Algerian immigrants in London (United Kingdom) and Valencia (Spain): towards a new migration and labour model?

Djilali Beloufa, Kouider (2013) Algerian immigrants in London (United Kingdom) and Valencia (Spain): towards a new migration and labour model? Doctoral thesis, London Metropolitan University.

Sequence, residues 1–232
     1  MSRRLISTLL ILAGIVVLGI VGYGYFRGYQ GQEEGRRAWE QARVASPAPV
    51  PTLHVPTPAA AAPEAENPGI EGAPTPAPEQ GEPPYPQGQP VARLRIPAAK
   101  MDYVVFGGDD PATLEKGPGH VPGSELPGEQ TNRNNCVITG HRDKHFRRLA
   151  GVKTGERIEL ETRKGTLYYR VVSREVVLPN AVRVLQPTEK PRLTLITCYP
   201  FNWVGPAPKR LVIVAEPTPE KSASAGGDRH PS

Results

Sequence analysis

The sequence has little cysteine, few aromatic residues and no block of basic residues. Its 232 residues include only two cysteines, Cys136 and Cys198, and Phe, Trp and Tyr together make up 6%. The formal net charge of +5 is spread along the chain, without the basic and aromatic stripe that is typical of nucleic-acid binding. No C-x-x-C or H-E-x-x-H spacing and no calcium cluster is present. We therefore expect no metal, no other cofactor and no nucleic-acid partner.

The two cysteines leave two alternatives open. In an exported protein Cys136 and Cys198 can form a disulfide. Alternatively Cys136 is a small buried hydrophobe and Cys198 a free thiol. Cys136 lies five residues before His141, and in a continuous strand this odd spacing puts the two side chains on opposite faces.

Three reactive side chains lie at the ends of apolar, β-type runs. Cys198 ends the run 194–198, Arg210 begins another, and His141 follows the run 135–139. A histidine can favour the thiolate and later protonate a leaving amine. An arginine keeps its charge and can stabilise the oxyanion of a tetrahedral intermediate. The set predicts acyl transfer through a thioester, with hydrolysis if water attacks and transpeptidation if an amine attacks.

During the last two decades, one of the most important changes in the geography of Algerian migration has been its gradual spread to some "new" contexts, that can be located differently in a spectrum of various characteristics, such as geographical location, historical-cultural links, existence of networks, and profiles of Algerian migrants, among others. In this qualitative research, two purposefully-selected samples of Algerian male and female migrants in London and Valencia were interviewed, as well as some key informants from several organisations, in addition to participant observation in different migrant settings. This led to the comparison of two context-related cases of migration in order to respond mainly four questions, viz, the reasons for Algerian migration to the VK and Spain as relatively different and new host countries, patterns of insertion as well as mobility within the local labour markets, the differences between the UK and Spain in terms of providing opportunities for social mobility versus entrapment, and the role of changing networks in influencing Algerian migration to the UK and Spain. While this research corroborates the inadequacy of a "grand theory" of migration, it confirms the suitability of a "multi•level theory" (Castles and Miller, 2003) that combines human agency and structural factors. The in-depth interviews in use favoured a downright consideration of the system "émigré-immigre" (Sayad, 1997), as well as the active role of migrants in shaping their lives before, during and after migration. There was a wide diversity of motives for migration and various patterns of insertion and mobility within the labour market, as well as outcomes for migrant workers. The networks of relatives, friends and institutions, as well as smugglers, were crucial in either the initiation of migration or the accommodation of migrants into the receiving areas. A gender-related approach was adopted as to bring to light the differences and similarities in migration between Algerian females and males, and to enhance the growing role of the former in Algerian migration.

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